Job seekers often forget to prepare for the opening minutes of a job interview. First impressions are formed within seconds of meeting someone, and become filters through which future words and actions are judged. Employers are predisposed to hire people they like and to hire those people who share the same values and interests as they do; therefore, a job seeker’s likeability quotient can mean the difference between employment and unemployment. Try these simple tips to ensure you create a good first impression and establish common ground with a potential employer.
When people greet one another, they give off nonverbal friendship signals to let the other person know that they are not a threat. The three major friend signals are the eyebrow flash, the head tilt, and the smile.
The Eyebrow Flash
The eyebrow flash is a quick up-and-down movement of the eyebrows that lasts for about one-sixth of a second. As people approach one another, they exchange eyebrow flashes. The exchange of eyebrow flashes signals that neither person considers the other person a threat. If the eyebrow flash is not reciprocated, the brain sends a signal that the other person could be a potential threat, which is not conducive to creating a good first impression.
The Head Tilt
The head tilt is a strong friend signal. People who tilt their heads when they interact with others are seen as more trustworthy and more attractive. The tilted head exposes one of the carotid arteries, which are positioned on either side of the neck. The carotid arteries are the pathways that supply the brain with oxygenated blood. Severing either carotid artery causes death within minutes. People expose their carotid arteries when they meet people who do not pose a threat.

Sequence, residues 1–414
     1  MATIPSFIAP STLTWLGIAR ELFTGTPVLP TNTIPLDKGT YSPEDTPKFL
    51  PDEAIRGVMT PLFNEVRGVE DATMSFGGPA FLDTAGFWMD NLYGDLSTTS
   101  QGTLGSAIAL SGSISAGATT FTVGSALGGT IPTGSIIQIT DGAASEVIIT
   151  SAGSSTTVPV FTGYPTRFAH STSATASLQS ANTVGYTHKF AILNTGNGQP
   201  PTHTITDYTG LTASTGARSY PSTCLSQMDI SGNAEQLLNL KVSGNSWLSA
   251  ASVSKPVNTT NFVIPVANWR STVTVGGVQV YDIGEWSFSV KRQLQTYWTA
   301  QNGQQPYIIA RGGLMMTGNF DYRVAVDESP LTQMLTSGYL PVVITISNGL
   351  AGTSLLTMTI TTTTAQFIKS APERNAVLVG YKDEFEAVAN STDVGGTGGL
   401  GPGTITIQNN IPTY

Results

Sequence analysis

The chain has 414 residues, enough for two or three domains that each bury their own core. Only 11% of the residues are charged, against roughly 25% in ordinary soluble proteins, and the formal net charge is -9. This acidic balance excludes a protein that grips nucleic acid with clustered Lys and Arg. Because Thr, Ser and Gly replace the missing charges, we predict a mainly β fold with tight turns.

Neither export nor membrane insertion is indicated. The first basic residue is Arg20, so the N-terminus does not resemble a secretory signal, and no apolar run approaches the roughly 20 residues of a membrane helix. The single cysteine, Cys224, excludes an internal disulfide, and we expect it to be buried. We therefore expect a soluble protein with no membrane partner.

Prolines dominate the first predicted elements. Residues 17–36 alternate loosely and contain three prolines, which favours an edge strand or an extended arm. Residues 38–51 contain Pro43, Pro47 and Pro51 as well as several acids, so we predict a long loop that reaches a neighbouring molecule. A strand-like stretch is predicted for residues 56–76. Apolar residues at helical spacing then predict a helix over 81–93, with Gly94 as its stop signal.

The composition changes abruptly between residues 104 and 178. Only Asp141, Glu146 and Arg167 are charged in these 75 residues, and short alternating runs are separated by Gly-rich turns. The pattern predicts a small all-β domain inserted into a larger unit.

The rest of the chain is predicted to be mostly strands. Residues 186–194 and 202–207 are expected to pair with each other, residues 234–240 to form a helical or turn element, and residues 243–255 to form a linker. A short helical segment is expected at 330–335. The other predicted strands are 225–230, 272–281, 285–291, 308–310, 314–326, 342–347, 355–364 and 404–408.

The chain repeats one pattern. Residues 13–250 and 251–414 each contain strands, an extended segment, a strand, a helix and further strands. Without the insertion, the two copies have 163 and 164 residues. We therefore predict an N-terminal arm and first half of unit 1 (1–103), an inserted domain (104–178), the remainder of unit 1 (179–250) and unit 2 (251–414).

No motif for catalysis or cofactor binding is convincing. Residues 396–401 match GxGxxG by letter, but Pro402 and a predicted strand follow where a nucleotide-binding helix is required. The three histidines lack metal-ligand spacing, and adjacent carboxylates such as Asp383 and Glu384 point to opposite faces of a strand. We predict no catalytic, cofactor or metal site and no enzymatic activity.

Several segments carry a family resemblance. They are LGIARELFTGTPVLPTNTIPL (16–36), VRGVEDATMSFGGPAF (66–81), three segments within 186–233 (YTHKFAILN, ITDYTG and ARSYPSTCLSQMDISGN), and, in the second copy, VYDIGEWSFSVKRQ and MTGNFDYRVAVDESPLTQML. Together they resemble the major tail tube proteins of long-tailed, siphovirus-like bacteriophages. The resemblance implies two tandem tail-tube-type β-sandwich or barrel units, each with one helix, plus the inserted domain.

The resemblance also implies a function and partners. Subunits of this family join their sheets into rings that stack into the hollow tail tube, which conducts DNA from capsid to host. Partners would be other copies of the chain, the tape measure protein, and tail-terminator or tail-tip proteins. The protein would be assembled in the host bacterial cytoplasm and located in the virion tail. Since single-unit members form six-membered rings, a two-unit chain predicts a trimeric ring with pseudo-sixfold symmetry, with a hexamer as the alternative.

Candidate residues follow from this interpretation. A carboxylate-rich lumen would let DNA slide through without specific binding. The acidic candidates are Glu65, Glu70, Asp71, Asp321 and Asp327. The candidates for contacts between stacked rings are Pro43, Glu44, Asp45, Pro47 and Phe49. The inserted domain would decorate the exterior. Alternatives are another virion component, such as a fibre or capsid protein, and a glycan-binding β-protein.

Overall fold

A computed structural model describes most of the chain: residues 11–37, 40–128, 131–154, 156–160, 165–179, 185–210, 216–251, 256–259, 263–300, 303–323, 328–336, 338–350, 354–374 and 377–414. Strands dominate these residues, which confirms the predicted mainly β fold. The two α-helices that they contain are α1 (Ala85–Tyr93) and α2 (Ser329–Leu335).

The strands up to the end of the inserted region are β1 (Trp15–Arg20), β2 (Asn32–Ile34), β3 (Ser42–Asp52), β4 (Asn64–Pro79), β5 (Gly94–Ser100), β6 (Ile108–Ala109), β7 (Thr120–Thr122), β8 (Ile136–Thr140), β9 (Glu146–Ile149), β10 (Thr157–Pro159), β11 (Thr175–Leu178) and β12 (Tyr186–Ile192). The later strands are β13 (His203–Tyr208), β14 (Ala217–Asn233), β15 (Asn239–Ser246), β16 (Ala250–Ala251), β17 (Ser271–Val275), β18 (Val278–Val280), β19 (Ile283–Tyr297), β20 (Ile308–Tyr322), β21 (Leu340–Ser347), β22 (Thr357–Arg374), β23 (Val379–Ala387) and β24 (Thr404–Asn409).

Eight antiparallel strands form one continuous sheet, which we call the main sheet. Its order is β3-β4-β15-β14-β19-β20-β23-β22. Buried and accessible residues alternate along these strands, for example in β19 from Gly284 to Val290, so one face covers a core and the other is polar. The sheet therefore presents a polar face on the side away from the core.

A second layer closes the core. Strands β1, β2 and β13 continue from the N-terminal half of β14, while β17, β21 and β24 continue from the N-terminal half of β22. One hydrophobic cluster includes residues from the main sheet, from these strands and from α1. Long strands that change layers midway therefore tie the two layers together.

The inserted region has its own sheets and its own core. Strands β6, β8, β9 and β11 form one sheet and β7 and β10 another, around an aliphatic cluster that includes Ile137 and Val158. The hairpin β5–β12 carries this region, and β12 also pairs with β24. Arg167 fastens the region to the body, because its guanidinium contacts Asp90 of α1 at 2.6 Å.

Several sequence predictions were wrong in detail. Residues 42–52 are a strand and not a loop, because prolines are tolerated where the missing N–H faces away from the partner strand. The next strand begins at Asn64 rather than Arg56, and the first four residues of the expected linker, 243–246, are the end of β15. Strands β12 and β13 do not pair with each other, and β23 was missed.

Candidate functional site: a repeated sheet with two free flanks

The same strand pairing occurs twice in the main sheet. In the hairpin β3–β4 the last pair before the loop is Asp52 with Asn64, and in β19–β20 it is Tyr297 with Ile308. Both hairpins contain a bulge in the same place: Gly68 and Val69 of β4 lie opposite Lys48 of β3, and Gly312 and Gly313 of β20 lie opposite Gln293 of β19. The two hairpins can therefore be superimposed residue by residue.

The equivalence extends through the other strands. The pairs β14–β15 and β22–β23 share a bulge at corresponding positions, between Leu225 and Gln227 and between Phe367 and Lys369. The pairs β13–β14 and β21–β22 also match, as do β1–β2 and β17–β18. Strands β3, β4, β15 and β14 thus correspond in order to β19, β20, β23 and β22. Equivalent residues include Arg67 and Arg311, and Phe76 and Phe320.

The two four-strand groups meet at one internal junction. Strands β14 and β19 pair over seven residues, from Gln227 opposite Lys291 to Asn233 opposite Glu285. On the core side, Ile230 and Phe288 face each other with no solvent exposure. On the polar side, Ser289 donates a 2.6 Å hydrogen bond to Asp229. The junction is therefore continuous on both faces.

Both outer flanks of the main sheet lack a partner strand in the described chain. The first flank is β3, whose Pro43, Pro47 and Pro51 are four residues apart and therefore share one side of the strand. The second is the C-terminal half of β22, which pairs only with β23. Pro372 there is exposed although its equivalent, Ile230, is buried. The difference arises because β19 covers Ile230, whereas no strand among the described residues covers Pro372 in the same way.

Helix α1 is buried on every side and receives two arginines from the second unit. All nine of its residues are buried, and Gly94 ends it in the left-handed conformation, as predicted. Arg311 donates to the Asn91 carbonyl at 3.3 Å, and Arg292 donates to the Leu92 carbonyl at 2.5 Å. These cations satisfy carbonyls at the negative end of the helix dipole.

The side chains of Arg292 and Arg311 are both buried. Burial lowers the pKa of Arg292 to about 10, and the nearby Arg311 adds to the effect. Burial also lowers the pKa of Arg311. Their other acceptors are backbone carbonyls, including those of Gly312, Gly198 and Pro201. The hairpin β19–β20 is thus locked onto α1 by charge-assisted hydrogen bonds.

The smile is a powerful friend signal. A smile portrays confidence, happiness, enthusiasm and, most important, signals acceptance. A smile telegraphs friendliness and increases the attractiveness of the person who is smiling. The mere act of smiling will put people in a better, more receptive mood.
Lightly nodding your head up and down when you listen to others speak signals active listening. People like other people who listen to them with interest. People who nod their heads during conversations are perceived as good listeners and are viewed in a good light.
The fastest way to establish rapport with someone is to find common ground with the other person. When you enter the interviewer’s office, quickly scan the office for items that represent areas of shared interest.
Many people who go into job interviews are nervous because their future is at stake. In a nervous state people often do not display the same friendship signals that come naturally, almost subconsciously, when they are less apprehensive. Knowing what the friendship signals are will help job seekers monitor their behaviors to let them know if they are sending the right signals. Following these few simple techniques will help job seekers create good first impressions and get the job interviewer to like them even before the actual job interview begins.